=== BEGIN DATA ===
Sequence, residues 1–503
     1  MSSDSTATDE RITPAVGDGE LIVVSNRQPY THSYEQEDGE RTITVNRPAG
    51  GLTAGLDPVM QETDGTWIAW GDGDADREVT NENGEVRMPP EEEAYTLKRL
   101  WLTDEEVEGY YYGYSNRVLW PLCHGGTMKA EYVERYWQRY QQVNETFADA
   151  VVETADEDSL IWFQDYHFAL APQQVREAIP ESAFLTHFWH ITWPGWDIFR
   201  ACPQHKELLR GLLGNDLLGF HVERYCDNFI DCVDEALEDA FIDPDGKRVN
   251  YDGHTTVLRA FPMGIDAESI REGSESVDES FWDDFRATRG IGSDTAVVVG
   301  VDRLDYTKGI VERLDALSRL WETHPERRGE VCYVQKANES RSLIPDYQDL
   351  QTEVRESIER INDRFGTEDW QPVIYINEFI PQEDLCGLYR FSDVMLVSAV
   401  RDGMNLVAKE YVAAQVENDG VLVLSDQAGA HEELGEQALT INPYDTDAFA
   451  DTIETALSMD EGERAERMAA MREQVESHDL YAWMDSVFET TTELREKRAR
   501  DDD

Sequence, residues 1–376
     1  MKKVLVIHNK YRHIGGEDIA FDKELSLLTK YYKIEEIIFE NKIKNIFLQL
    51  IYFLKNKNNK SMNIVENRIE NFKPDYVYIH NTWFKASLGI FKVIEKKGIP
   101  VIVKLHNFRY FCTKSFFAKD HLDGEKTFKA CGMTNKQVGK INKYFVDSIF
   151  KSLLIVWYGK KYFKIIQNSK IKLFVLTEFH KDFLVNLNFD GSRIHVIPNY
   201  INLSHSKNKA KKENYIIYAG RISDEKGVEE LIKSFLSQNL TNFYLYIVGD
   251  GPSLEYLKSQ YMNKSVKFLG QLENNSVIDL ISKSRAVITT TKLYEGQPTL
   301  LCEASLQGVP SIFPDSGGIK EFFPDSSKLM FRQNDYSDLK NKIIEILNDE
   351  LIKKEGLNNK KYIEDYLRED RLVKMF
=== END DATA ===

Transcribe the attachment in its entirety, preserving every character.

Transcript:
Sequence, residues 1–503
     1  MSSDSTATDE RITPAVGDGE LIVVSNRQPY THSYEQEDGE RTITVNRPAG
    51  GLTAGLDPVM QETDGTWIAW GDGDADREVT NENGEVRMPP EEEAYTLKRL
   101  WLTDEEVEGY YYGYSNRVLW PLCHGGTMKA EYVERYWQRY QQVNETFADA
   151  VVETADEDSL IWFQDYHFAL APQQVREAIP ESAFLTHFWH ITWPGWDIFR
   201  ACPQHKELLR GLLGNDLLGF HVERYCDNFI DCVDEALEDA FIDPDGKRVN
   251  YDGHTTVLRA FPMGIDAESI REGSESVDES FWDDFRATRG IGSDTAVVVG
   301  VDRLDYTKGI VERLDALSRL WETHPERRGE VCYVQKANES RSLIPDYQDL
   351  QTEVRESIER INDRFGTEDW QPVIYINEFI PQEDLCGLYR FSDVMLVSAV
   401  RDGMNLVAKE YVAAQVENDG VLVLSDQAGA HEELGEQALT INPYDTDAFA
   451  DTIETALSMD EGERAERMAA MREQVESHDL YAWMDSVFET TTELREKRAR
   501  DDD

Sequence, residues 1–376
     1  MKKVLVIHNK YRHIGGEDIA FDKELSLLTK YYKIEEIIFE NKIKNIFLQL
    51  IYFLKNKNNK SMNIVENRIE NFKPDYVYIH NTWFKASLGI FKVIEKKGIP
   101  VIVKLHNFRY FCTKSFFAKD HLDGEKTFKA CGMTNKQVGK INKYFVDSIF
   151  KSLLIVWYGK KYFKIIQNSK IKLFVLTEFH KDFLVNLNFD GSRIHVIPNY
   201  INLSHSKNKA KKENYIIYAG RISDEKGVEE LIKSFLSQNL TNFYLYIVGD
   251  GPSLEYLKSQ YMNKSVKFLG QLENNSVIDL ISKSRAVITT TKLYEGQPTL
   301  LCEASLQGVP SIFPDSGGIK EFFPDSSKLM FRQNDYSDLK NKIIEILNDE
   351  LIKKEGLNNK KYIEDYLRED RLVKMF